Monday, February 06, 2017

The Patriots Are the Pick

I’m no fan of the New England Patriots. Now that I think about it, I have probably rooted against them in every Super Bowl they’ve ever played.

I suppose I was neutral on them up until 2004 when the Pats defeated my Carolina Panthers in that wild Super Bowl 38. Carolina lost 32-29 after a crazy fourth quarter that saw the Panthers score three touchdowns, New England two, and the Pats hit a game-winning FG at the end.

That was New England’s second title in three years, so it was easy to root against them thereafter as they dominated season after season. It has never come close to rising to Duke-level dislike (deep and unchangeable in this Tar Heel), but it’s been a pretty consistent feeling of antagonism toward the team for me nonetheless.

That said, I have one rule in Pigskin Pick’em I’ve (almost) unerringly followed for years. I always pick New England. No matter what.

Last night Vera and I attended a fun Super Bowl viewing party, and just about everyone there was on the Atlanta Falcons side, too. Here in North Carolina most were either Washington Redskins fans or Atlanta fans growing up, as they were the teams always featured on regional coverage here up until the Panthers franchise debuted in 1995. Not too hard, then, for many around these parts to be leaning Atlanta’s way last night.

It was pretty festive up through the middle of the third quarter as Atlanta surprisingly built that 28-3 lead. The largest comeback ever in 50 previous Super Bowl had been just 10 points, so a 25-point lead seemed more than insurmountable.

Actually the party remained fun during the Patriots comeback. Everyone wanted Atlanta to win, but it wasn’t like we were Falcons diehards. The fact that the game got closer as the night wore on ensured the game remained the focus of everyone’s attention the entire way.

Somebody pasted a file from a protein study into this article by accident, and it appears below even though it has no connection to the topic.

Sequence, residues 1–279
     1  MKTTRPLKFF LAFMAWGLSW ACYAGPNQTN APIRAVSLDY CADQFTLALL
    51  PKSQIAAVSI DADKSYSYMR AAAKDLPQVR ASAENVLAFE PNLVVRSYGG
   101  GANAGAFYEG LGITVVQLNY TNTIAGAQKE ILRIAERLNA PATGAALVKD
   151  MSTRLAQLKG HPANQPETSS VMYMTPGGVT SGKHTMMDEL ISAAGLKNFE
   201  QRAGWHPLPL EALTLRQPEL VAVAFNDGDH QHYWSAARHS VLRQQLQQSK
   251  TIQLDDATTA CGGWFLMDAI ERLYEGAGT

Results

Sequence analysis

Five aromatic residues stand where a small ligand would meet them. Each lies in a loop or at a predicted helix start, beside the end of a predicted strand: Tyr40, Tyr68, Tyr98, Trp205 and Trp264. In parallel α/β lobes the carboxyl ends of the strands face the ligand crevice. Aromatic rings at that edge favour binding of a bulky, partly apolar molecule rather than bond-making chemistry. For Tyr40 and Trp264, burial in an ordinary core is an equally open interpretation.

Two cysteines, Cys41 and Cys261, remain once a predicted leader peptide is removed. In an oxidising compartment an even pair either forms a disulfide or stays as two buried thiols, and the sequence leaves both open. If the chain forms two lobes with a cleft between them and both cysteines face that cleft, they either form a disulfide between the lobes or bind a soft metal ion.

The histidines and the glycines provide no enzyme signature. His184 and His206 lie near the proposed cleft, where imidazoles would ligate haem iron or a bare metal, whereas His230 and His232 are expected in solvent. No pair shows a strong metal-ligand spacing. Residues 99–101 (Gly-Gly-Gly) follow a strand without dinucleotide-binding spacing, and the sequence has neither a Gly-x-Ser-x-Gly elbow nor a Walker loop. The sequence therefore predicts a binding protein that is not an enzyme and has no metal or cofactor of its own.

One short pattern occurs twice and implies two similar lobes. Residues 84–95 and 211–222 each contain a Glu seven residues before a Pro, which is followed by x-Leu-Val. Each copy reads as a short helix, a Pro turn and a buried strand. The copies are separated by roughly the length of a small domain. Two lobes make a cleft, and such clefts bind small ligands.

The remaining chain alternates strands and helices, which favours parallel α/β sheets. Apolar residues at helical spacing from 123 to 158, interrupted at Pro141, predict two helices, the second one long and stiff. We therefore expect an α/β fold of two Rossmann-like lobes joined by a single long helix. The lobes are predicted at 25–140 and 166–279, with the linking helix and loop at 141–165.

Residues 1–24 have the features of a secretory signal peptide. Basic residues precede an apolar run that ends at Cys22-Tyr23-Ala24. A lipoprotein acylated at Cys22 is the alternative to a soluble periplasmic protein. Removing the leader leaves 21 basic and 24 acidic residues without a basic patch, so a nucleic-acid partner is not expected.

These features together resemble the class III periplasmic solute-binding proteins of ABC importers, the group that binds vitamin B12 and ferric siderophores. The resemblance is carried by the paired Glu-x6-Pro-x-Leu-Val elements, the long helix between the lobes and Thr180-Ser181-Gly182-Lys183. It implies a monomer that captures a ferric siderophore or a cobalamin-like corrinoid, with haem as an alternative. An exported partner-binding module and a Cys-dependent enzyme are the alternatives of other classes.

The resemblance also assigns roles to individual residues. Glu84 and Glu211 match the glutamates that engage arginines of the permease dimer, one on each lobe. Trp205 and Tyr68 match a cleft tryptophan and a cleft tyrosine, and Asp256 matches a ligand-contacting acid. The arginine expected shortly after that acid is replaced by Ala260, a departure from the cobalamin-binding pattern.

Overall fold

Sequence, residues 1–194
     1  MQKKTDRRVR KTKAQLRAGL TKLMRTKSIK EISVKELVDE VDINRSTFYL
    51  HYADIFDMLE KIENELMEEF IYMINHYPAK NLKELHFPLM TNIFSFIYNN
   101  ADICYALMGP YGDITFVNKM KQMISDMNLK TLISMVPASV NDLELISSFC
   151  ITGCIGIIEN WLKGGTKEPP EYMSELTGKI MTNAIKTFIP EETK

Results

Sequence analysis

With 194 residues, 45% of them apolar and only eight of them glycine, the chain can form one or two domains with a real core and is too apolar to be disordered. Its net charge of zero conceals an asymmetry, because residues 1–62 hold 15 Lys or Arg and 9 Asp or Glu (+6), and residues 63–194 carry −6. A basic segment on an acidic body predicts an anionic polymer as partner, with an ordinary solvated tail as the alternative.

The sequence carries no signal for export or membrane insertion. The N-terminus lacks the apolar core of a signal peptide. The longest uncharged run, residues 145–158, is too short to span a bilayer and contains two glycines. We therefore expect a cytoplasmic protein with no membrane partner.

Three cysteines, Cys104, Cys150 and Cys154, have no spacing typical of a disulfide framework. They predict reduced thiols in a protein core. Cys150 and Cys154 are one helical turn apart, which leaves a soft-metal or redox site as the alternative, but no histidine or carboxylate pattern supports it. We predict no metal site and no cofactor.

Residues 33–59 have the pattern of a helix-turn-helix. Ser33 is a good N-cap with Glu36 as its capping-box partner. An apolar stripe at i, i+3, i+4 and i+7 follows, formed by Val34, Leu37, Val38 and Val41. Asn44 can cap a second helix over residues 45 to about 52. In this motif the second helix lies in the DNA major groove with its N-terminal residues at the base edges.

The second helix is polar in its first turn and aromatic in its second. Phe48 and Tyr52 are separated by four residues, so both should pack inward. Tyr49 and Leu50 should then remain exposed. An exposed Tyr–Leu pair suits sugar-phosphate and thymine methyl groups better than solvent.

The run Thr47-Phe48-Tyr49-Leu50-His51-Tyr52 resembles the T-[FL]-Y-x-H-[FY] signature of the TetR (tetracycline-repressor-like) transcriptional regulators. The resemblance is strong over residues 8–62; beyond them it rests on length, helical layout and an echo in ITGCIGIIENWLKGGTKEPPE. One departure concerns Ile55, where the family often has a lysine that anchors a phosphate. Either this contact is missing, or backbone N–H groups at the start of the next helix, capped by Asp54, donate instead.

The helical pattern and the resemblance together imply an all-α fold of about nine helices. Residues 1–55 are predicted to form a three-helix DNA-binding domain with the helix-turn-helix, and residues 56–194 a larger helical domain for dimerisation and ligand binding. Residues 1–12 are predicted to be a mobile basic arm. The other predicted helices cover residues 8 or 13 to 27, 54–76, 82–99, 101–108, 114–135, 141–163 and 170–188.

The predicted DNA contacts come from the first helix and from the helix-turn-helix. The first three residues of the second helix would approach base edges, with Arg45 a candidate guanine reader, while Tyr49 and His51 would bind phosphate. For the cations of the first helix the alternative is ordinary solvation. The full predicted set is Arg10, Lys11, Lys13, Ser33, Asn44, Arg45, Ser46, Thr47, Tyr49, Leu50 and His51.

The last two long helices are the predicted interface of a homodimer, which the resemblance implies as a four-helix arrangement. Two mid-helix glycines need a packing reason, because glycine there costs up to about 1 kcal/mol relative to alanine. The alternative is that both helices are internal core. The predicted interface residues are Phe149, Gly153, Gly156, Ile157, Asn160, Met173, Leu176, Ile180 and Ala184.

If you watched, you saw how it all went wrong for Atlanta. You may not understand it, but you saw it.

Bill Barnwell breaks it down step-by-step this morning in an article titled “Anatomy of a Miracle” over on ESPN. It was way more nutty than that Panthers-Pats finish 13 years ago. It was also much more improbable than the New York Giants’ unlikely win over New England in SB 42, or the Seattle Seahawks’ surprise gift to the Pats two years ago at the end of SB 49.

It was a bit like watching a player with a 10-to-1 chip lead heads-up lose flip after flip to let victory slip away. There were several bad-luck plays for Atlanta, the incredible catch (and release and catch) an inch above the turf by the Patriots’ Julian Edelman on that tipped ball during the game-tying drive late in the fourth quarter the most memorable example. There were so many if-they-just-get-this-one-it’s-over plays in there, it was kind of like watching queen-six beating ace-ten over and over.

But you’d have to mix in some self-inflicted wounds from Atlanta, too -- a costly turnover, very bad clock management (multiple fourth-quarter snaps with 15-20 seconds on the play clock), and blowing through what turned out to be needed timeouts spring to mind.

Some questionable play calls in key spots do as well, most glaringly when up 28-20 with just under four minutes left and looking at a second-and-11 on the Pat’s 23-yard line. Atlanta went high-risk with a pass play, got sacked, then after another pass play ended with a holding penalty they were out of FG range, having to punt to New England (who still had their two timeouts) with three-and-a-half minutes to go.

There’s no denying New England couldn’t have climbed back out of such a historically deep hole without some help from Atlanta. Nor could they do it without the “cards” falling their way, too. Before overtime began, someone at the party correctly predicted New England would win the coin toss and march down the field for a winning TD, and indeed, things bounced the Pats way again and he was proven correct.

That said, the Pats were relentless from the midpoint of the third quarter onward -- like an almost flawless, “optimal” poker player who never seems to choose incorrectly. And when he does perhaps do something uncharacteristically risky (e.g., the pass into double coverage resulting in Edelman’s spectacular grab), it still works out for him.

Am seeing this morning a best-to-worst ranking of the 51 Super Bowls already putting last night’s at the top of the list. I’d charge recency bias, but sheesh... a 25-point comeback? A team down 19 to start the fourth somehow pulling it out? That stands out.

I’m still no fan of the Patriots. And I’ll still root against them. But I’m not picking against them any time soon.

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